Saturday, November 05, 2005

Politics menace panda program

Politics menace panda program


After Shuan Shuan, a female panda, returned home to Mexico following an unfruitful courtship at Tokyo's Ueno Zoo with male panda Ling Ling, zoo officials fret they may have no pandas at all soon due to worsening ties with China.
Breeding staff at the zoo say that whereas 18-year-old Shuan Shuan was quite bold, the timid 20-year-old Ling Ling was so scared of her that they had no chemistry. Artificial insemination attempts also failed.
"I feel as if an era has ended," said zoo veterinarian Fumitaka Hashizaki, 57.
In 1972 Lan Lan and Kang Kang were donated to the zoo by China as a symbol of friendship between the two countries. The day they made their public debut, visitors waiting for a glimpse formed a line stretching 2 km long. That year 7 million people visited the zoo, sparking a nationwide panda boom.
After the two pandas died, China sent Huan Huan and Fei Fei, and they had three cubs -- Chu Chu, Tong Tong and You You. Ling Ling was also sent to the zoo, which now receives about 3 million visitors per year.
But the pandas have since either died or been transferred to other zoos and now there is only Ling Ling, who is showing his age. Pandas have an average life expectancy of about 25 years, and the death rate rises after they turn 20. If Ling Ling dies, the number of visitors to the zoo is expected to plummet.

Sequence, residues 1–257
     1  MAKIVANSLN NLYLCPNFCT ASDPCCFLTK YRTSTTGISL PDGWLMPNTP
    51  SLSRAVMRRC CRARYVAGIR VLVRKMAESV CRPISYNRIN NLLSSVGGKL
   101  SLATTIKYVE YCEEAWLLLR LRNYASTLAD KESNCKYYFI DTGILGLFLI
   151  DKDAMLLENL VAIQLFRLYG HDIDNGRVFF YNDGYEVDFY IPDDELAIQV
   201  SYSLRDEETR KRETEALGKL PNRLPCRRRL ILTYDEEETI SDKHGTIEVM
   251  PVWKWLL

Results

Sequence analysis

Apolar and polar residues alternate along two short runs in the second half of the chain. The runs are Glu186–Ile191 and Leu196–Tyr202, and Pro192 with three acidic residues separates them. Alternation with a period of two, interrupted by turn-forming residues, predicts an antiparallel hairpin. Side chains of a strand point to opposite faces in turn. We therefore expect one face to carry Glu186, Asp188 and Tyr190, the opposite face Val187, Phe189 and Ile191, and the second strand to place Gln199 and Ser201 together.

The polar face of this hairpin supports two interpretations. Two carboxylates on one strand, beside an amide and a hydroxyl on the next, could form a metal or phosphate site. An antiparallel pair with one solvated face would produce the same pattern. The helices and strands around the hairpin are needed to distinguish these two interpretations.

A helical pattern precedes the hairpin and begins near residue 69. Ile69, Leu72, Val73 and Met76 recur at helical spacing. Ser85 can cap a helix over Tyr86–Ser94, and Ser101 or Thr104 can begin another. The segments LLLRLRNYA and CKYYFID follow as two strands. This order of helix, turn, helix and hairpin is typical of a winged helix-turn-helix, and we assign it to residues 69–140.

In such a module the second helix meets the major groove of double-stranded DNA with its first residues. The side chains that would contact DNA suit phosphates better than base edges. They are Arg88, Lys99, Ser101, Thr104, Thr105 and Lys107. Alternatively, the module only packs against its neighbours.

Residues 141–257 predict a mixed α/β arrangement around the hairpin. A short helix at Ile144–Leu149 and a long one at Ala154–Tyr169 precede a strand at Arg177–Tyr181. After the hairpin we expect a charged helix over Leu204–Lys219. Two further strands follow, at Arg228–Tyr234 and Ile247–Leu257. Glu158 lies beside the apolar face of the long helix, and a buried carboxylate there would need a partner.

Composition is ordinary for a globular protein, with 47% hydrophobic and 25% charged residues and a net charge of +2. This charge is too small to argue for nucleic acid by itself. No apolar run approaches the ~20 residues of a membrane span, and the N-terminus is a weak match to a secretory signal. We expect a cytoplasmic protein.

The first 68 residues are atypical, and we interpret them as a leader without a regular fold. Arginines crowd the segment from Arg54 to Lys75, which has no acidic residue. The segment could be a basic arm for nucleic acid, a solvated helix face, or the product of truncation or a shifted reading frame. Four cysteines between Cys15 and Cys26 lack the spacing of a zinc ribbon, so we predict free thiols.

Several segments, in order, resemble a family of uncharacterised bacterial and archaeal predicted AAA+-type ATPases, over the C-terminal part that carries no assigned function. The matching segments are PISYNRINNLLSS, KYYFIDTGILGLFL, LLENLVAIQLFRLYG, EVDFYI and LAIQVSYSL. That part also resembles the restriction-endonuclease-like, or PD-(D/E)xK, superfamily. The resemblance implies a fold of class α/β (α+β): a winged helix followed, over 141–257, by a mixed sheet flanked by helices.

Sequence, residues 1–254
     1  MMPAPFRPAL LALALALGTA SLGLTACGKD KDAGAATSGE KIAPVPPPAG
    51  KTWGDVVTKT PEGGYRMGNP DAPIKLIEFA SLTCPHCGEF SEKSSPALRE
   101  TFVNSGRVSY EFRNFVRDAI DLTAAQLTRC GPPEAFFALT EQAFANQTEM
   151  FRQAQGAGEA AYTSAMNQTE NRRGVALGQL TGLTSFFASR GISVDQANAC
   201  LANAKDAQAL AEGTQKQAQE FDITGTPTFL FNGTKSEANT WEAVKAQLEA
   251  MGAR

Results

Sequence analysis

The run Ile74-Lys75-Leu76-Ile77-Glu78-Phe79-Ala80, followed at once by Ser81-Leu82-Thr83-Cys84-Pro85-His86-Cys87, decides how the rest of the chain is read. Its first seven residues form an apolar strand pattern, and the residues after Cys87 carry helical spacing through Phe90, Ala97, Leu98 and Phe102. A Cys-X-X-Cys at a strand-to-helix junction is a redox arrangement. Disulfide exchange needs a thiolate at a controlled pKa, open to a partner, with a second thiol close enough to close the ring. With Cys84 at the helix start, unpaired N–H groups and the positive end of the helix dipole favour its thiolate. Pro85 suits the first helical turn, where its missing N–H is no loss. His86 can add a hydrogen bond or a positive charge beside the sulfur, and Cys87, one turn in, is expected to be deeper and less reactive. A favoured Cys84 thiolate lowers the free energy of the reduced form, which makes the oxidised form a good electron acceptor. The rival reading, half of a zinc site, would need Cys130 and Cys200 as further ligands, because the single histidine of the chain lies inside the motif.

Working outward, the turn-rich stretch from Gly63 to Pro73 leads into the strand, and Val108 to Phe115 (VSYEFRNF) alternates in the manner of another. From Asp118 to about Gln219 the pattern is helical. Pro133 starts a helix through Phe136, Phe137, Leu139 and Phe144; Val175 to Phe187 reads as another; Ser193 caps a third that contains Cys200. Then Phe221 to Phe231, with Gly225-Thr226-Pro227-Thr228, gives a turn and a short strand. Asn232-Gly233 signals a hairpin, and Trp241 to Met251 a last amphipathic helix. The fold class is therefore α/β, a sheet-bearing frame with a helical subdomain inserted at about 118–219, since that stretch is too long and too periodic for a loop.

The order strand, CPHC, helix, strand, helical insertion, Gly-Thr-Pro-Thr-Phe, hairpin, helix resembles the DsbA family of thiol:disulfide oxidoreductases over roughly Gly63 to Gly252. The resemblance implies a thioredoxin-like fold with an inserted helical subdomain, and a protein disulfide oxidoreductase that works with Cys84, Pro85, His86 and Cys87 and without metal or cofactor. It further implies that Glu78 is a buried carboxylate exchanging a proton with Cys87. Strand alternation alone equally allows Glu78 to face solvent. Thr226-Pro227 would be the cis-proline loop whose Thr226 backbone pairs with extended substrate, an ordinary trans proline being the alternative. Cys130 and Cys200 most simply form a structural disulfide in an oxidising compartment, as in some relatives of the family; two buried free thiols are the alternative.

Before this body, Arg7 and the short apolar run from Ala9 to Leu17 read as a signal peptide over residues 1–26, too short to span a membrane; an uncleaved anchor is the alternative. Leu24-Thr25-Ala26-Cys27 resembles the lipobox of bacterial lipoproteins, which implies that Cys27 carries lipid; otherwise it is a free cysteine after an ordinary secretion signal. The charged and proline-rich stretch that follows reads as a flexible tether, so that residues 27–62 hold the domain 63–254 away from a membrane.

Pandas are threatened with extinction and China stopped donating them to foreign countries in 1982. Fei Fei was the last panda allowed to leave the country.
In an exception to the restriction, China is preparing to donate a panda to Taiwan, but doing the same for Japan would be difficult because relations between Japan and China are at their worst in decades.
Like Oji Zoo in Kobe, Ueno Zoo could pay to rent a panda from another zoo, but according to a zoo official, the rental fee is more than 100 million yen per panda.
Ueno Zoo is pinning its hopes for a new panda on artificial insemination in Mexico using frozen sperm donated by Ling Ling. But even if artificial insemination is successful, Ueno Zoo would only have the right to a second and subsequent cubs.
"We would like to continue to help breeding in Mexico," said the head of the zoo, Teruyuki Komiya, 57.
Yoshiaki Sagawa, who has been caring for Ling Ling for more than five years, said, "If you see (pandas) every day, you can understand their daily physical condition by how they look,"
Ling Ling is now going gray. "He is losing his appetite due to his advanced age," Sagawa said. "If the price of his favorite -- persimmons -- falls, I would like to give some to him."
The Japan Times: Nov. 5, 2005
(C) All rights reserved


Post a Comment

<< Home